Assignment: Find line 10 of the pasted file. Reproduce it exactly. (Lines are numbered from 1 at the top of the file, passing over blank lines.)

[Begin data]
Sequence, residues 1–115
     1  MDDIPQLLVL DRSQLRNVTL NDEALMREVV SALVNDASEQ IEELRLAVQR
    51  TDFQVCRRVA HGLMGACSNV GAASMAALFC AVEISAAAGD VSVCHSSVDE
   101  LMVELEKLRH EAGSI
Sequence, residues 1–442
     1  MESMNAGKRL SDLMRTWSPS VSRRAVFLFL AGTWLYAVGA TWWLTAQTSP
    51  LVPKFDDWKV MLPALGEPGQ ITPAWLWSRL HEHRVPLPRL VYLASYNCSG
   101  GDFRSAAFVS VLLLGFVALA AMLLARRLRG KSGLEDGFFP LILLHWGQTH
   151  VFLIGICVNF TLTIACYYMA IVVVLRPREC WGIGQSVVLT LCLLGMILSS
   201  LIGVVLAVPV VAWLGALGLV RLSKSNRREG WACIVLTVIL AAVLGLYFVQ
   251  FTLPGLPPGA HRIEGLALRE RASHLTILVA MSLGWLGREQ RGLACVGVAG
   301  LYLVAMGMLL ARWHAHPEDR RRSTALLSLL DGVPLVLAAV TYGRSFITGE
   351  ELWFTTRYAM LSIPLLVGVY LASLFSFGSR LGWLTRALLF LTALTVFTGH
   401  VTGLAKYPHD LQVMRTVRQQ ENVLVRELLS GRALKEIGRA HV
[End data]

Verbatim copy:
   201  LIGVVLAVPV VAWLGALGLV RLSKSNRREG WACIVLTVIL AAVLGLYFVQ